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3 Big Things Today, January 23

Soybeans, Corn Rise Overnight; Export Inspections Mostly Higher Week to Week.

1. Soybeans, Corn Rise Overnight on Brazil Weather

Soybeans and corn were cautiously higher in overnight trading as dry weather continues to threaten crops in Brazil.

Hot and dry weather with temperatures in the 90s is expected through the end of the week and will again build next week in northern and central parts of the South American country, Commodity Weather Group said in a report.

Less rain than expected fell over the weekend in the center-south and center-west parts of Brazil, where temperatures were also in the mid- to upper 90s, the forecaster said. Consultancy Celeres last week lowered its forecast for Brazil soybean output, underpinning prices.

Still, investors are keeping an eye on the ongoing negotiations between the U.S. and China. Talks between the countries earlier this month that seemed to go well lacked progress on some core demands from the U.S., mostly on intellectual property theft, according to media reports.

The Financial Times and CNBC both reported on Tuesday that a scheduled visit by a top trade official from Beijing may now be on hold as the sides work out some differences. Whether that trip happens remains to be seen.

Soybeans for March delivery rose 4¼¢ to $9.13½ a bushel overnight on the Chicago Board of Trade. Soy meal added 40¢ to $313.40 a short ton, and soy oil gained 0.21¢ to 29.27¢ a pound.

Corn rose 1¾¢ to $3.80¾ a bushel overnight

Wheat for March delivery added 2½¢ to $5.23¾ a bushel, while Kansas City futures rose 2¾¢ to $5.12½ a bushel.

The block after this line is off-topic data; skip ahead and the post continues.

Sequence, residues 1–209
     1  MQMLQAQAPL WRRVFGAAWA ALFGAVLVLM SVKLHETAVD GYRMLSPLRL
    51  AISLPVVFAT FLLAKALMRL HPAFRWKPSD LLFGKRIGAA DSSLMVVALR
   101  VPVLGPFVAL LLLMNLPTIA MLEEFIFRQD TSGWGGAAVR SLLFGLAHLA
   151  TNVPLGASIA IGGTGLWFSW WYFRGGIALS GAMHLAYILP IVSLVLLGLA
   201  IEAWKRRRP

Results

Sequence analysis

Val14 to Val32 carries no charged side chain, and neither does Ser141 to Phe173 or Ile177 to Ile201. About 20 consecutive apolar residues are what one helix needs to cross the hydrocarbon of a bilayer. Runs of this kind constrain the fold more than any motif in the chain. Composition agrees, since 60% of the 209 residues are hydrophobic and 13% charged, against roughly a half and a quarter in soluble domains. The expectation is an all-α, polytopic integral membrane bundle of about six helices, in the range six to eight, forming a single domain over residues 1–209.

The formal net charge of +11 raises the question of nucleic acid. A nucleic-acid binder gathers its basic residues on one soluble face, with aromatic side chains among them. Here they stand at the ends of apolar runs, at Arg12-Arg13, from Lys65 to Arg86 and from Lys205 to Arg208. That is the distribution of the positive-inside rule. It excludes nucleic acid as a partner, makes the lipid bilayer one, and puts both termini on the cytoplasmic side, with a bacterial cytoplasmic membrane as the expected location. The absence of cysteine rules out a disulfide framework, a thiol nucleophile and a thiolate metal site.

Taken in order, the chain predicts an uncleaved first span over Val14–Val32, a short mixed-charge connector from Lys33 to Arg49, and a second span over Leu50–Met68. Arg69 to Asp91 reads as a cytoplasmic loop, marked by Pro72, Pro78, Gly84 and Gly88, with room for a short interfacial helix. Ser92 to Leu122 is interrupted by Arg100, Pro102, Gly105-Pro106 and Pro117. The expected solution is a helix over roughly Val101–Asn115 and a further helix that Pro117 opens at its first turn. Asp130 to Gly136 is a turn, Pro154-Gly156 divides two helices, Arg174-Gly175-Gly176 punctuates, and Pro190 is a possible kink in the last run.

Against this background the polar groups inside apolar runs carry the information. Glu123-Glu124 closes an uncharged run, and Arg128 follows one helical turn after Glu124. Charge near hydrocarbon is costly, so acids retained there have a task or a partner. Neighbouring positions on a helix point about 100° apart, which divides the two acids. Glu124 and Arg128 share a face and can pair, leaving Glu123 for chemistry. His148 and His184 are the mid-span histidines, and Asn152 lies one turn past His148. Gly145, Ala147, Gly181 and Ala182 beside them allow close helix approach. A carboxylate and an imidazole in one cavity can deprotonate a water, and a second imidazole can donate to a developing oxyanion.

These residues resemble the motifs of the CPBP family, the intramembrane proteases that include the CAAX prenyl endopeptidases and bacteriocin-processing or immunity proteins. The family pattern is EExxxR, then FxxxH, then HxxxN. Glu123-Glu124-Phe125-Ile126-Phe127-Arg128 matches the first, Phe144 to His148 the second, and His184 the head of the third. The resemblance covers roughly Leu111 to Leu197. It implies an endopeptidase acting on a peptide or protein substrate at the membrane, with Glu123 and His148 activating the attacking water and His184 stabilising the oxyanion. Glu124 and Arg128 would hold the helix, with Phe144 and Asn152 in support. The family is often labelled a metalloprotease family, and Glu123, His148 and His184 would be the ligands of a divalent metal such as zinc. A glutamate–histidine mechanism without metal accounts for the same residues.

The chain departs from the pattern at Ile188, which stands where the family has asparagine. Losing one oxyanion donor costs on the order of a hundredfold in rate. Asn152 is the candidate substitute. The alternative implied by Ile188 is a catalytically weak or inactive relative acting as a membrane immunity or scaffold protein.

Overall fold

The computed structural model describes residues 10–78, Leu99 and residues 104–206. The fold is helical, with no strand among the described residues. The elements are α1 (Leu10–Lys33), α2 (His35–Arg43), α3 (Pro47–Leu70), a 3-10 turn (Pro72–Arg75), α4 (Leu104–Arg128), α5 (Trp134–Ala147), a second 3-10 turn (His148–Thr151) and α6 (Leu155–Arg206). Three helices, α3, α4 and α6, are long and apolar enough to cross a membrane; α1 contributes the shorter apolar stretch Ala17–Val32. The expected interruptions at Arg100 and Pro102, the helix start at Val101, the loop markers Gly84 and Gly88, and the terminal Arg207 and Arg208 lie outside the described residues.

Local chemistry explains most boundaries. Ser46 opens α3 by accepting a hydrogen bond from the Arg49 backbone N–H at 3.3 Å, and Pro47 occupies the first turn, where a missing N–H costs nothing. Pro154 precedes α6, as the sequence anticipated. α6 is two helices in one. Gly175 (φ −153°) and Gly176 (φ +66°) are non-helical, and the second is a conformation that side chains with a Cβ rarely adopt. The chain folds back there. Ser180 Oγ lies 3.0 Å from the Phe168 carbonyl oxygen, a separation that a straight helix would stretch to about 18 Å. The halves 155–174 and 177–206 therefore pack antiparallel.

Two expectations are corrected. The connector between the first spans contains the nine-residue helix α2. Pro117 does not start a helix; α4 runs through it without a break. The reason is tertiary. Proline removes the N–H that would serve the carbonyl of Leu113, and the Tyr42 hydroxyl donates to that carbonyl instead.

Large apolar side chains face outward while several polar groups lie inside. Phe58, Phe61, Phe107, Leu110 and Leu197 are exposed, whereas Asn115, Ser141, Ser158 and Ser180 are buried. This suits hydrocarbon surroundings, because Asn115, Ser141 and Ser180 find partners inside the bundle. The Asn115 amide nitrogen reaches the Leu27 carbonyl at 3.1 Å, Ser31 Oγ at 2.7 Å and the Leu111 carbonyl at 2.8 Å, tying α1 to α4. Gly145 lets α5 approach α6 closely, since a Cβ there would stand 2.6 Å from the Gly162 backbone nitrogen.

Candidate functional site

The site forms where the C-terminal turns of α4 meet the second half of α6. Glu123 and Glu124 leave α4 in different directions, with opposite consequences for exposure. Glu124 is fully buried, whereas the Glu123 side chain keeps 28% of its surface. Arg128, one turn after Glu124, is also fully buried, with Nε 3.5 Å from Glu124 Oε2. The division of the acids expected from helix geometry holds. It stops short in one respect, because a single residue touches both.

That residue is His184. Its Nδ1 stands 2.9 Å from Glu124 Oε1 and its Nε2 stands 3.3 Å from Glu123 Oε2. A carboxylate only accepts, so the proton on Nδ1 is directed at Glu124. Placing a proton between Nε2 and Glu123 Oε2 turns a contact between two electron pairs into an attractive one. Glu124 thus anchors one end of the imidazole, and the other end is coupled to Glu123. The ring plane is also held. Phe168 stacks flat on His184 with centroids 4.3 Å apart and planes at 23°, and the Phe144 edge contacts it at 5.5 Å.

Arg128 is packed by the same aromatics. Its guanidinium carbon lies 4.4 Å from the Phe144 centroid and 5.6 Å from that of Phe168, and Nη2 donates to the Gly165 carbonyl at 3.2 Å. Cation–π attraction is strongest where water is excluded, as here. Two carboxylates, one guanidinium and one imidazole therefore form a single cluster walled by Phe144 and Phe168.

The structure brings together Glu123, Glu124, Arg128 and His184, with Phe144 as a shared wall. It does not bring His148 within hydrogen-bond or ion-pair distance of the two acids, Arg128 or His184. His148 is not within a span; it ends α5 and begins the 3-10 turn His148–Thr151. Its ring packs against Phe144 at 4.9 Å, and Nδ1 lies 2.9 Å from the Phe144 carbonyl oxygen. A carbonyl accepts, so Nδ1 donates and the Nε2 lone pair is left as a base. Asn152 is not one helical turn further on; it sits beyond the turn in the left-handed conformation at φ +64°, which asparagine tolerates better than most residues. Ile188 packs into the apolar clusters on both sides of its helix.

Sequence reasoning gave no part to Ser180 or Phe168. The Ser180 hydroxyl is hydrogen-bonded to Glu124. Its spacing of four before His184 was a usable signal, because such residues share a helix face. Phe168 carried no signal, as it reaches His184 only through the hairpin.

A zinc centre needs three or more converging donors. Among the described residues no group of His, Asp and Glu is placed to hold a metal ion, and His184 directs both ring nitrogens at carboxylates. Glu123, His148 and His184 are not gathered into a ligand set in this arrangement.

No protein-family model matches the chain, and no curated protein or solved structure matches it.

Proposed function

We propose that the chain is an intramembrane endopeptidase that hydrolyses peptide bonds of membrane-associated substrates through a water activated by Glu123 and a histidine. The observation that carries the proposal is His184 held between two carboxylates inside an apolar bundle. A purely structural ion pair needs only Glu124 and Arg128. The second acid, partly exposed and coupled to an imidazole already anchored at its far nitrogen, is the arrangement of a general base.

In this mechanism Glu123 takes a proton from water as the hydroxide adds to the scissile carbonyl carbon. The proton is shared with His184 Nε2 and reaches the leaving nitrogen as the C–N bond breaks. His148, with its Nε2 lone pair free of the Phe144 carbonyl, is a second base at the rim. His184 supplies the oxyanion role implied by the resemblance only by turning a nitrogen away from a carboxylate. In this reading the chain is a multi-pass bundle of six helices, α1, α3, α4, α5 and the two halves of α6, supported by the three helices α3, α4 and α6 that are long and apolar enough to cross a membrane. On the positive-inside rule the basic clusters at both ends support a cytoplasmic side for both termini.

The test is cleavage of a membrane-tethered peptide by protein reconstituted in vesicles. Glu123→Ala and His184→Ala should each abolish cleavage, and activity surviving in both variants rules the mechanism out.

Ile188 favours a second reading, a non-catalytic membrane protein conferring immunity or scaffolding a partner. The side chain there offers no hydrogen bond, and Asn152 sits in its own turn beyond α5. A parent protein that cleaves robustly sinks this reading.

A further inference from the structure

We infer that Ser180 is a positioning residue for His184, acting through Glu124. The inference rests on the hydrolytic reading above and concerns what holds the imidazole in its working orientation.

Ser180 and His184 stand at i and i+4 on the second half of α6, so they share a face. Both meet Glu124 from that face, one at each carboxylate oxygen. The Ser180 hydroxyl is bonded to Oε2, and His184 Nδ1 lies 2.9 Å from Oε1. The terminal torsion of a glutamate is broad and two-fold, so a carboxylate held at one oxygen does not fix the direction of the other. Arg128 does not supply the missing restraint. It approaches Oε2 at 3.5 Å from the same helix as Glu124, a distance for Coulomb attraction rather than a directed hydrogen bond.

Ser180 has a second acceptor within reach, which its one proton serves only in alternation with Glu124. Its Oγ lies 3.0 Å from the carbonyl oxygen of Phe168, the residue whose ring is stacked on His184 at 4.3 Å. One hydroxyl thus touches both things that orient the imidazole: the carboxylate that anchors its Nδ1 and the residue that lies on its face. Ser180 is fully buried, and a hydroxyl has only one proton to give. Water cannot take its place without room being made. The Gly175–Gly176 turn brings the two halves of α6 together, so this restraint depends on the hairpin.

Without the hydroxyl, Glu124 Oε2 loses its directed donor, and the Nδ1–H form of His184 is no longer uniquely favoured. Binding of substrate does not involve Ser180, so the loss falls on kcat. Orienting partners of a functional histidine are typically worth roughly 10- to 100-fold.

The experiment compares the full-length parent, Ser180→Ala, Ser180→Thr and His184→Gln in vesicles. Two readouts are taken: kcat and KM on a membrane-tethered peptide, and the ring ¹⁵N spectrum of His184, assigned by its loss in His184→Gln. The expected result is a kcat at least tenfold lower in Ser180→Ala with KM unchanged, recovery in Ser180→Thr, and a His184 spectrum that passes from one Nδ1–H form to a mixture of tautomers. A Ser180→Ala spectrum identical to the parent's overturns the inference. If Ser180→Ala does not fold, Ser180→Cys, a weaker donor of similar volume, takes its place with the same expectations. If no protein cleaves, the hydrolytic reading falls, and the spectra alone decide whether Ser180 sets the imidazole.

Today’s 3 Big Things from Successful Farming magazine is brought to you by Golden Harvest Seeds.


2. Export Inspections of Corn, Beans Higher Week to Week, Wheat Assessments Decline

Exports inspections of corn and soybeans were higher week to week, while wheat assessments declined, according to the USDA.

The government examined 1.11 million metric tons of corn for overseas delivery in the seven days that ended on January 17, up from 1.01 million the previous week, the USDA said in a report. That’s also up from the 723,171 tons inspected the same week in 2018.

Soybean inspections also rose to 1.11 million metric tons from 1.09 million tons the previous week, the department said. That’s down, however, from 1.42 million tons assessed during the same week last year.

Wheat assessments, meanwhile, declined to 516,643 metric tons last week, down from 546,783 tons, the USDA said in its report. The total was up vs. the same week in 2018 when the government examined 423,620 tons for overseas delivery.

Since the start of the marketing year on September 1, the USDA has examined 20.6 million metric tons of corn for export. That’s up from 12.8 million tons during the same period last year.

Soybean inspections are still well behind their year-earlier total amid an ongoing trade spat with China. So far, only 19.5 million tons have been inspected, down from 32.3 million tons during the same time frame the previous year.

Wheat assessments since the start of the grain’s marketing year also trail the year-earlier period. The USDA has inspected 14 million tons for overseas delivery, down from 15.6 million last year.


Today’s 3 Big Things from Successful Farming magazine is brought to you by Golden Harvest Seeds.


3. Blizzard Warning in Effect For Dakotas, Minnesota; Winter Storm Still Hitting Iowa, Wisconsin

A blizzard warning is in effect for much of eastern North Dakota, northeastern South Dakota, and the western edge of Minnesota, while a winter storm warning is in effect for parts of Iowa and Wisconsin, according to the National Weather Service.

Blizzard conditions are expected starting at about 6 p.m. tonight and lasting through Thursday afternoon, the NWS said in a report early this morning.

Winds gusting up to 45 mph will cause blowing snow and reduce visibility. Wind chills as low as -40˚F. will make being outside dangerous, according to the agency.

In eastern Iowa, northwestern Illinois, and southern Wisconsin, meanwhile, heavy snow is expected to continue falling through late morning. Parts of west-central Illinois are dealing with a mix of rain and snow, and a changeover to only snow is expected this morning, the NWS said.

“Bands of moderate to briefly heavy snow will impact most of eastern Iowa and northwest Illinois through the mid to late morning,” the agency said in its report. “There may be a lull in the steadier snow for one to two hours before it picks up again during the final wave of accumulating snow.”

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